Category: 

What Is a Microsporum?

Article Details
  • Written By: Mary McMahon
  • Edited By: O. Wallace
  • Last Modified Date: 27 September 2014
  • Copyright Protected:
    2003-2014
    Conjecture Corporation
  • Print this Article
Free Widgets for your Site/Blog
Coloring your hair in the ‘30s often came with swollen eyelids, blisters and headaches.  more...

October 21 ,  1879 :  Thomas Edison lit up a light bulb for the first time.  more...

Microsporum is a fungal genus which is most famously responsible for ringworm, a fungal infection which can be observed in both humans and animals. Microsporum canis is a particularly well known species in this genus, although several other species are also linked with ringworm and other skin problems, in some patients. Microsporum can be carried on cats, dogs, and other animals, and the fungus also grows readily on media such as rice and sugar.

In nature, a colony of microsporum tends to be flat, with a spreading growth habit and a white to creamy color, depending on the species. Microsporum colonies have a soft, wooly texture, and the colony tends to acquire a grooved appearance over time. When cultured in the lab, the fungi can grow on several different growth media.

These fungi are capable of penetrating the hair and skin, where they can grow to create distinctive lesions associated with ring worm. Someone with a microsporum infection will have small reddish disc-shaped markings where the fungi grow, and these markings can spread and start to blur together other time. Eventually, the markings will develop crusts, which can ooze and turn bloody. Hair above the area of the lesion will fall out, due to damage caused by the fungal colonization. While these lesions are present, the patient can pass on fungal spores to others. Ringworm infection is an especially common problem in kennels, where one animal can pass it to the whole kennel, and infected animals can keep reinfecting each other.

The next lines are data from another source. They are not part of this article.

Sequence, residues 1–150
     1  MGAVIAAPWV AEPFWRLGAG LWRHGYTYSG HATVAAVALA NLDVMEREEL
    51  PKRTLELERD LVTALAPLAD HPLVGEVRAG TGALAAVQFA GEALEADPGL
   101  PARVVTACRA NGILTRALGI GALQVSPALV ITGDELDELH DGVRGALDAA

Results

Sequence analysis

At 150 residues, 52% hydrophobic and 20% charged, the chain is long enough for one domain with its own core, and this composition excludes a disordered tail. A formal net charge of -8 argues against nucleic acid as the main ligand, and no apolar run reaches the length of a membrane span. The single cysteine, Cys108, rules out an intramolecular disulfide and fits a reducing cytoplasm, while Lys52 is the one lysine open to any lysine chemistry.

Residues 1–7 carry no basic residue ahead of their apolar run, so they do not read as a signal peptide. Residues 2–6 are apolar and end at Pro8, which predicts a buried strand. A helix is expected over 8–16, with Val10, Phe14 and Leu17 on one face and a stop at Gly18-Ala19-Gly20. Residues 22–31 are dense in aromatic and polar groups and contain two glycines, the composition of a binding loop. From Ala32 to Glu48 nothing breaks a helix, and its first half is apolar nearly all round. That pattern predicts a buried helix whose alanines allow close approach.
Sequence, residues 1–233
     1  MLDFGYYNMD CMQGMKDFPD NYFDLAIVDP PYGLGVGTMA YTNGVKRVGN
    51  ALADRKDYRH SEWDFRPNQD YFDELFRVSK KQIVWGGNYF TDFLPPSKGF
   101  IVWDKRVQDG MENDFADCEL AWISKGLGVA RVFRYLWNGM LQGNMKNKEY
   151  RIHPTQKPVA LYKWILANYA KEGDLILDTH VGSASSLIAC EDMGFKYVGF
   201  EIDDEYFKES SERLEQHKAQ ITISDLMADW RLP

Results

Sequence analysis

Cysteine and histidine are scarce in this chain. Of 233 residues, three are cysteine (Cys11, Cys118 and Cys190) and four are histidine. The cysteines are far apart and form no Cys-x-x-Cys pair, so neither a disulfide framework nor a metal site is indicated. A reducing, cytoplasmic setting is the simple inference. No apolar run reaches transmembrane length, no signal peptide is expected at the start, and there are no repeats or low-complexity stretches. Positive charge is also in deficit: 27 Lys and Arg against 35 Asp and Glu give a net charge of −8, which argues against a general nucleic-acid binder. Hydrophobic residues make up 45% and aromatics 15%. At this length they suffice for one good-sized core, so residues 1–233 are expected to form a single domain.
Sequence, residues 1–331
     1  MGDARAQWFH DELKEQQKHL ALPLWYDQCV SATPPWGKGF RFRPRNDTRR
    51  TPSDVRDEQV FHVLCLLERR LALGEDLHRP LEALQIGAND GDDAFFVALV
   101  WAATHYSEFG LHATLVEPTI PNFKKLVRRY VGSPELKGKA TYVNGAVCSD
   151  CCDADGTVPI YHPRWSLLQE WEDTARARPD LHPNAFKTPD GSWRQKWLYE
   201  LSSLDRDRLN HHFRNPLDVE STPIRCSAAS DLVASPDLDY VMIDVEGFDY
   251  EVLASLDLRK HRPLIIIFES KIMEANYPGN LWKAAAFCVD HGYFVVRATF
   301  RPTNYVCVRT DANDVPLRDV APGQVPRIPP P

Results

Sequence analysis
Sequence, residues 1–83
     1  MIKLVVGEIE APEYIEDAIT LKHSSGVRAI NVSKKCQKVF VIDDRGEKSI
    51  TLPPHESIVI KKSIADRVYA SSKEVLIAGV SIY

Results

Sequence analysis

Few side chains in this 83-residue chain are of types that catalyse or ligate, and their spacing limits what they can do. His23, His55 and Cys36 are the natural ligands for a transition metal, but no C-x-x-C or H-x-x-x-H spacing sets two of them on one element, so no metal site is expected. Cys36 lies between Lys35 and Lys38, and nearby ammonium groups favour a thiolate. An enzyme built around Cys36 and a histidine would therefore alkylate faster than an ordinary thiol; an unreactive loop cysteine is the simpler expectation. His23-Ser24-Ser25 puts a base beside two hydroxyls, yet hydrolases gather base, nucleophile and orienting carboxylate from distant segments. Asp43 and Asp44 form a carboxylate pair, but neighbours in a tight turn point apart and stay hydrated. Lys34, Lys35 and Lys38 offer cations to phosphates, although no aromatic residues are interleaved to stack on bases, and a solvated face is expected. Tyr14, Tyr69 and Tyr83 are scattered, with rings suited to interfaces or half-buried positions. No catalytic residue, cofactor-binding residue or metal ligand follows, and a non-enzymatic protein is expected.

Ad

Treatment for microsporum infection involves administering antifungal drugs. Oral medications can be taken, and the site can also be cleaned with antigfungal soaps which will kill the fungi so that they cannot spread. Eventually, normal skin and hair will grow back, concealing all traces of the infection. Antifungal dips are also available, and may be used on small animals, with the animal being briefly dunked in a prepared dip to eliminate all fungus from the body.

In rare cases, people can be infected with microsporum but not develop lesions. In these cases, they are still capable of passing the fungus on to others and may not be aware of the infection they carry. If members of a household find that they keep getting ringworm, it may be advisable to test all human and animal occupants for signs of a latent infection to see if someone is acting as a reservoir for the fungi.

Ad

More from Wisegeek

You might also Like

Discuss this Article

croydon
Post 3

@irontoenail - I got ringworm as a child as well. My neighbor's cat had it, I think and I managed to transfer it to all our animals, as well as me and my siblings.

The worst part was that I had a couple of patches on my scalp that were missed by the first treatment, and that started going bald. It was so embarrassing as a kid to have to go to school with little bald patches. I got very good at figuring out ways to cover them up!

lluviaporos
Post 2

I know in the pound where I worked we were constantly vigilant about ringworm spores. We would dip each new dog that came in, and scrub out all the living areas every day with disinfectant.

We were also expected to dip our shoes in disinfectant before entering the kennels. They kept a bucket of the stuff outside the front door.

It was annoying, but what was even more annoying was that every now and then we would have an outbreak anyway, no matter what precautions we went through.

Luckily it never lasted that long, and we never had any more serious outbreaks while I was there. But, I suspect that someone on staff might have been one of those people who is a carrier and doesn't know it, because it was strange how it kept happening.

irontoenail
Post 1

I can remember being a kid and getting ringworm. My mother was absolutely appalled. We had found a bunch of abandoned kittens and had been playing with them and feeding them without telling her (because we knew she would be mad) and we all ended up with ringworm.

Then another kid at school got it and all hell broke loose. I could never work out what the big deal was either, as the ringworm marks didn't seem to do very much harm. They were a bit itchy, but that was it.

The funny thing was, I got it once and then never seemed to have another symptom. While my sister just could not get rid of the marks for a long time. Even today she still seems to get athletes foot at the drop of a hat, and I've never had it.

Post your comments

Post Anonymously

Login

username
password
forgot password?

Register

username
password
confirm
email